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A breakthrough in male contraception has emerged from a university startup in rural India.
The procedure, which boasts 98% effectiveness, involves injecting a polymer gel into the testicles which damages sperm through a positive charge.
The procedure was invented by Sujoy Guha, a 76-year old Indian biomedical engineer. It is reversible and has no known side effects.
According to figures released by the United Nations, only 8% of women worldwide rely on their male partner using a condom for contraception. Guha sympathises with this, stating to a reporter, “why should the burden be borne by the female only? There has to be an equal partnership.”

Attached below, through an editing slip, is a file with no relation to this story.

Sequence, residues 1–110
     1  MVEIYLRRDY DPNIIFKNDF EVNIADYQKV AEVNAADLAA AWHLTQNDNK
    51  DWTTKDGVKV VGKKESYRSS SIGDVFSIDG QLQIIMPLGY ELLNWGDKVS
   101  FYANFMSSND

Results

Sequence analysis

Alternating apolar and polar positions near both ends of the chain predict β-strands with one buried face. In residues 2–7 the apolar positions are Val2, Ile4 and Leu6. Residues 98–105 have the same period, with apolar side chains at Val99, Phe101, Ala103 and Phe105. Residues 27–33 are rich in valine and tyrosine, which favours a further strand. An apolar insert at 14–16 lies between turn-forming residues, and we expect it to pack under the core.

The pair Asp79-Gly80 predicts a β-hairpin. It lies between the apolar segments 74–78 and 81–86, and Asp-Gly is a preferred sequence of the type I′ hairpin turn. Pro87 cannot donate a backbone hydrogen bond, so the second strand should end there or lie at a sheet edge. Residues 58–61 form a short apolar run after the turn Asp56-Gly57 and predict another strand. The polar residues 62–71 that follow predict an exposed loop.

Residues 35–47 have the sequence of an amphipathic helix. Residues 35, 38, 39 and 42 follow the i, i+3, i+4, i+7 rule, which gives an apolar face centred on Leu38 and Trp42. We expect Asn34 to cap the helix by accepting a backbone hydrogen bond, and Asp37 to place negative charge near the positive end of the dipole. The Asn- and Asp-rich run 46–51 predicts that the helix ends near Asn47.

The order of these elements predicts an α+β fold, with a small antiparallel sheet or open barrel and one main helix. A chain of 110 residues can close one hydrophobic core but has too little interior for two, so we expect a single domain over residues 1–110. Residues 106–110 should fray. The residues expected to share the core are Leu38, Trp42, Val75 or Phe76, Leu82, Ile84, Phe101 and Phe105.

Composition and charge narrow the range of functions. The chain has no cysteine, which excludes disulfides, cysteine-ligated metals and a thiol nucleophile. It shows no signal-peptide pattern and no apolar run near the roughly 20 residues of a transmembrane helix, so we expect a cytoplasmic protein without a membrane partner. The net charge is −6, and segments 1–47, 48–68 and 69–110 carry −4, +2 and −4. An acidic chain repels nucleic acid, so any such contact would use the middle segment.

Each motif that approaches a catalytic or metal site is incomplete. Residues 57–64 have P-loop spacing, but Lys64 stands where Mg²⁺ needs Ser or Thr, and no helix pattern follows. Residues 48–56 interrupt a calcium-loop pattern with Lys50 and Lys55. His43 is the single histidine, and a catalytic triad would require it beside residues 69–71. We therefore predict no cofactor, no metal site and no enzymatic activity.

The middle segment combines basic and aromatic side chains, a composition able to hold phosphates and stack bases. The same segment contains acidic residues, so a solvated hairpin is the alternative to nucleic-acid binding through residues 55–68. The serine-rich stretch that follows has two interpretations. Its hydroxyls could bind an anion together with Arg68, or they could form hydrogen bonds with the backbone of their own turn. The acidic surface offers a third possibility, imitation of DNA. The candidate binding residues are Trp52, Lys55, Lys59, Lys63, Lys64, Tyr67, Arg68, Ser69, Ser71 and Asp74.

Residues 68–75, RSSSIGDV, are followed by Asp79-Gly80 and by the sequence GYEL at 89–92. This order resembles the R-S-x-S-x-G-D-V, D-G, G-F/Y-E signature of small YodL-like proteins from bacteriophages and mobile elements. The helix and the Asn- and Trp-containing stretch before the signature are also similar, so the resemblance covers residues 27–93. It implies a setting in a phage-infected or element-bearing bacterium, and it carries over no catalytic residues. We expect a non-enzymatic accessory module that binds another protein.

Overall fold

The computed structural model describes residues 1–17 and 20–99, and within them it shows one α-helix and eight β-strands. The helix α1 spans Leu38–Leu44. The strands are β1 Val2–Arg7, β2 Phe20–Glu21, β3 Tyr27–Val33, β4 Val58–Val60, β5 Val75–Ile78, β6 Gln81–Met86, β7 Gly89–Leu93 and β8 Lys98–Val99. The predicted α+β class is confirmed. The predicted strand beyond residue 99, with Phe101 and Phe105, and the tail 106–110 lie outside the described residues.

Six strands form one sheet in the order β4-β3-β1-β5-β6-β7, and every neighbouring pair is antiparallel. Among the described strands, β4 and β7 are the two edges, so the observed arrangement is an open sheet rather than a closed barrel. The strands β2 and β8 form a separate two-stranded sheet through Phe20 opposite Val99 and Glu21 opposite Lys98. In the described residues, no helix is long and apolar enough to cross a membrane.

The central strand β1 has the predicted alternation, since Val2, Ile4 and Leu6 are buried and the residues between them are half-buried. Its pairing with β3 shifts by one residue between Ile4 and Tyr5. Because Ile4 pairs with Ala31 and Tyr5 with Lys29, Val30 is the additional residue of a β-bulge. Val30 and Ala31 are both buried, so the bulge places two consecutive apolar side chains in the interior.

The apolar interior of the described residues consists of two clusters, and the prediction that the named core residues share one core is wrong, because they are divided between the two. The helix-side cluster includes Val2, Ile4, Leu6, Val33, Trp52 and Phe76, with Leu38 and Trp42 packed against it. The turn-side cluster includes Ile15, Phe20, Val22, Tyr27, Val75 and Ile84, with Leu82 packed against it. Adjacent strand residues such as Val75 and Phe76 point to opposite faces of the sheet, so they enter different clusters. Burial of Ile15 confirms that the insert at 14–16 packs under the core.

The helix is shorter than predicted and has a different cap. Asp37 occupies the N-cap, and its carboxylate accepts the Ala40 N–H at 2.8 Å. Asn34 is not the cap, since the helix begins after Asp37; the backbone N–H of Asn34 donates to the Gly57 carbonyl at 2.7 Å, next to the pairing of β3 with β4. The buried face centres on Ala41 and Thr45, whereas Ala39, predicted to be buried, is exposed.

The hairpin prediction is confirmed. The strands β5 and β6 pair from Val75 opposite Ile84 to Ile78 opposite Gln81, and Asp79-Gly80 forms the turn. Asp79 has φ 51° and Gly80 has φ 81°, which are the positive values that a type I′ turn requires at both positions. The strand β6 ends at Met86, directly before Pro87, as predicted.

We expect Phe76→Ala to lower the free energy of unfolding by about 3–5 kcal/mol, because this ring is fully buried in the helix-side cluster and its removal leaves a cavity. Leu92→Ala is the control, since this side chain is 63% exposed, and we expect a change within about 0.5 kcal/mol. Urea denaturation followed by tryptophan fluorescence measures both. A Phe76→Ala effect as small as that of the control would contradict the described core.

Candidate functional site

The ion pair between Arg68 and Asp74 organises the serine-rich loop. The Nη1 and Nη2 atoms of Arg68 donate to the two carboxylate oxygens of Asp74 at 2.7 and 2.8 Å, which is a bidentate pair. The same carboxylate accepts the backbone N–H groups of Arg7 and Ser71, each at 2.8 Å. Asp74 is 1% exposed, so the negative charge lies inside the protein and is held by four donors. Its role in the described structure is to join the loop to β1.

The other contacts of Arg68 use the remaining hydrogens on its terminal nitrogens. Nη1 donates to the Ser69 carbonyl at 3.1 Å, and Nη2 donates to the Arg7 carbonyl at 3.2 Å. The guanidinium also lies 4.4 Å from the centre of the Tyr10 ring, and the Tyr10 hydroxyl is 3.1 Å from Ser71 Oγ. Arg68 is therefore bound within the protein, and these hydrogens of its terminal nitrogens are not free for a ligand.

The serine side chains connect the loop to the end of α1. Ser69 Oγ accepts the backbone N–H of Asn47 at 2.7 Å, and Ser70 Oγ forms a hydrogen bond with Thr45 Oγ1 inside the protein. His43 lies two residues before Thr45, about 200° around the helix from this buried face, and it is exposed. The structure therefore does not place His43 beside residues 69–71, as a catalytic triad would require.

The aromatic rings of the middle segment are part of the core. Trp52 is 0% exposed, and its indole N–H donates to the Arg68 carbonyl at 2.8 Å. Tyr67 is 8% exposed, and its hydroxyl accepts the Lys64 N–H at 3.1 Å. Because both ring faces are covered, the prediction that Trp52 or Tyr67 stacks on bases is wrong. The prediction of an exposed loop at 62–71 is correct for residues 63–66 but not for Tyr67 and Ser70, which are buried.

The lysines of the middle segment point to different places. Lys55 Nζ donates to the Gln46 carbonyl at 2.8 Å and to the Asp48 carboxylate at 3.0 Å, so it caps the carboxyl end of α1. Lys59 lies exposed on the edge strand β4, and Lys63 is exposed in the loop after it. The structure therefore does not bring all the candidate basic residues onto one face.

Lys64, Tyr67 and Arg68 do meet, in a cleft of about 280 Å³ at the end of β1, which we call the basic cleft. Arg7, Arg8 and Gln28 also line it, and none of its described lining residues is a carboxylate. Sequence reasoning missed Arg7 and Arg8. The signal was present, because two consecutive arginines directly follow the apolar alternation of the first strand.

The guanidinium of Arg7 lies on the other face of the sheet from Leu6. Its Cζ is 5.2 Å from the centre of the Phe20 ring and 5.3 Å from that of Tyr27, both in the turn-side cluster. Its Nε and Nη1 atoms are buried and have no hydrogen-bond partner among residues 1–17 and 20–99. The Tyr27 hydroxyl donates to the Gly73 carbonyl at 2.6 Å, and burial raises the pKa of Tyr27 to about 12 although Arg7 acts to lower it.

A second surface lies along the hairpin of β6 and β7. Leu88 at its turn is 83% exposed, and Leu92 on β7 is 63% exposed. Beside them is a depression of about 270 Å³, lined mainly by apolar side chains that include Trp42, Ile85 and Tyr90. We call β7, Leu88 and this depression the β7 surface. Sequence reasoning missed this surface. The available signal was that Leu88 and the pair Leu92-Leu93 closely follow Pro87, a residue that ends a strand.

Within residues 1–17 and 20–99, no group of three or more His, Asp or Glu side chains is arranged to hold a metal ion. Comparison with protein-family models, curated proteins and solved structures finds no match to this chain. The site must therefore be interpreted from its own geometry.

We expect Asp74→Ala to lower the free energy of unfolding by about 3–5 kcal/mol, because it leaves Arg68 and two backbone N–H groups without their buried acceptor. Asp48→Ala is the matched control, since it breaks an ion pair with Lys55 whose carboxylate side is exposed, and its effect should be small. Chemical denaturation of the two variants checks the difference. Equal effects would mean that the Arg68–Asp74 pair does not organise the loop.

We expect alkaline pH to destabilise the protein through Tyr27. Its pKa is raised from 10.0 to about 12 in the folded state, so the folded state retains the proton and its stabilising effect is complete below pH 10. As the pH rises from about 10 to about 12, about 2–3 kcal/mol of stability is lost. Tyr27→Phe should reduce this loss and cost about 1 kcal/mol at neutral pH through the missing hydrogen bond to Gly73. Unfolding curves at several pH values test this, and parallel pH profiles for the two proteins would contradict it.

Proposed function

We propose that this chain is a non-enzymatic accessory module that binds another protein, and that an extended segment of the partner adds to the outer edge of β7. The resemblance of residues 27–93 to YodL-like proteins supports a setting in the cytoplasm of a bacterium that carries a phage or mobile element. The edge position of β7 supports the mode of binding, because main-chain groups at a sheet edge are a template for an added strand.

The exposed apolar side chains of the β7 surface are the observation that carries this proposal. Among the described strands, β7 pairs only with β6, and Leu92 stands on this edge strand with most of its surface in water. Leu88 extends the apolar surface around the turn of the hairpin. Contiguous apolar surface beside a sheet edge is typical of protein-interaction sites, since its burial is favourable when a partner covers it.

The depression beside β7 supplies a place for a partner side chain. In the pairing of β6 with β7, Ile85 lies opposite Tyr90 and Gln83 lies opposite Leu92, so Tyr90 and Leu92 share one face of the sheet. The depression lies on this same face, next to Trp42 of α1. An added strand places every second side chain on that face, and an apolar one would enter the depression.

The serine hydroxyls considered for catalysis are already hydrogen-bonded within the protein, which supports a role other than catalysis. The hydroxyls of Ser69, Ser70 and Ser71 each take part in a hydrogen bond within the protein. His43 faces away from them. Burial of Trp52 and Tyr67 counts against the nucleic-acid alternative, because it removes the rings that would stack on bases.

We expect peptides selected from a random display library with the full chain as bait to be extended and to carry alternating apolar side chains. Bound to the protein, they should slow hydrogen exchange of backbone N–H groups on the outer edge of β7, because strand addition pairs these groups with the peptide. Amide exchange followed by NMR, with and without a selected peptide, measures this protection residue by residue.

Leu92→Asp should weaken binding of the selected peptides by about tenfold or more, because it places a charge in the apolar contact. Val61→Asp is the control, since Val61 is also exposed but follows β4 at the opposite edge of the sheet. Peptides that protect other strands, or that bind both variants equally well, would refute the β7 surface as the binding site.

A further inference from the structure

There has been little interest from major pharmaceutical companies in funding the procedure. Herjan Coelingh Bennink, a gynecology professor who helped develop the contraceptives Implanon and Cerazette, blamed the gender makeup of these companies, saying “if those companies were run by women, it would be totally different.”
Guha licensed the technology to the Parsemus Foundation, a US-based nonprofit, to help establish a market outside India. He registered a startup, IcubedG Ideas Pvt., to pursue the technology domestically.
A recent study published by the University of Copenhagen confirmed the link between the contraceptive pill and depression, claiming that there was “a significant risk,” especially in teen users.